A contractor has been fined for serious safety failings after a teenage carpenter was injured when his fingers were cut in the moving parts of a flip-over saw.
George Warren Heath, then aged 19, suffered injuries to three fingers, one being amputated at the middle joint, and another was cut through to the bone.
One month after the incident Heath was attending physio every week. Heath, a carpenter and employed by Sugar Construction limited on 7 July 2014, was part of a team refurbishing a house.
He was preparing wooden door stops to be installed onto door frames. A length of door stop was too wide and required narrowing. To do this Heath decided to saw a thin strip off the entire length – a process known as ‘ripping’. To do this he used a Flip Over Saw, provided on site by Sugar Construction Limited.
The saw did not have the guard or riving knife fitted when Heath started to saw, and as he cut his fingers came into contact with the blade.
An HSE investigation found that the failure was to ensure that protective devices including the guard and protective appliances such as push sticks were taken to prevent access to the dangerous part of the machinery. Weymouth Magistrates’ Court was told that while Sugar Construction had provided a guard with the saw, the guard was not in place at the time of the accident. Other protection appliances such as a push stick were not available.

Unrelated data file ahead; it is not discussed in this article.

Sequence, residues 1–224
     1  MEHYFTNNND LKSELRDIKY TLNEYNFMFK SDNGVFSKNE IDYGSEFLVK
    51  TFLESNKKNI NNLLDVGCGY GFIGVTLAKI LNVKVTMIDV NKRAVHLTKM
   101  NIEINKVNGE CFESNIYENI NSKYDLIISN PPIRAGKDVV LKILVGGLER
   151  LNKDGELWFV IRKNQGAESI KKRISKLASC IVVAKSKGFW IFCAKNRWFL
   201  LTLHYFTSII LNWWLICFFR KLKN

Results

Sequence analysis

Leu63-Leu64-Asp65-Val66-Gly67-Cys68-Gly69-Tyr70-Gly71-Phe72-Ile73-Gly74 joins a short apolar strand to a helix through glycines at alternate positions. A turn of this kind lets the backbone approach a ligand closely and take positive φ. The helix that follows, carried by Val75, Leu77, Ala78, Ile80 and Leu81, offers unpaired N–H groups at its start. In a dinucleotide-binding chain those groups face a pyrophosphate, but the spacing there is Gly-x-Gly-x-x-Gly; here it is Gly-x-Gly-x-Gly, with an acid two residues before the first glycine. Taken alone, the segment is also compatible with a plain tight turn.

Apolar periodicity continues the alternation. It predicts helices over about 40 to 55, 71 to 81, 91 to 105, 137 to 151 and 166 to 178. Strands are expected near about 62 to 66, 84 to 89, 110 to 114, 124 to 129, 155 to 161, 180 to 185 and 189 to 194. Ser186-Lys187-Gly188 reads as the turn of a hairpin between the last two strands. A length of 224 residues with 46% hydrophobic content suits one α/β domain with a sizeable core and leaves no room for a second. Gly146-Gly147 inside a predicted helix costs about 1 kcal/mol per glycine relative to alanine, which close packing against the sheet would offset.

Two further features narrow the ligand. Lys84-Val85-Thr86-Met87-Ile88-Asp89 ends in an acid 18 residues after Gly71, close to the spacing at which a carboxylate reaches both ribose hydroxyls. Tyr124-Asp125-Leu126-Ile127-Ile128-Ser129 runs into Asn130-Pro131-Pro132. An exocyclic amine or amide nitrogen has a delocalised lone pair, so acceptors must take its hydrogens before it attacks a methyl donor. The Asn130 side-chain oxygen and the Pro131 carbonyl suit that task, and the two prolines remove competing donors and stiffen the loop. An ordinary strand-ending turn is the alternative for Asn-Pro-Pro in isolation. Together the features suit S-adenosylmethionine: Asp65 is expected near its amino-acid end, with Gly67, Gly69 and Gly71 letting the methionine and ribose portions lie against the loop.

In order to flip the saw over from its chop saw mode to its table saw mode, the guard had to be removed, but was never replaced.
Sugar Construction Limited of Lyme Regis, was fined £1,500 with full costs of £1,543, after pleading guilty to a safety breach.
Following the case, HSE Inspector James Powell said: “This incident should never have happened and other workers that had used the saw had also been at risk. This case emphasises the need for employers to ensure that equipment is properly maintained to ensure that dangerous parts of the machinery cannot be accessed and that a risk assessment is carried out covering all foreseeable uses and operations of the work equipment. Table saws should not be used unless the appropriate safety devices and protection appliances are used. Workers should be provided with the information, instruction, training and supervision as is appropriate with the tool that is being used.”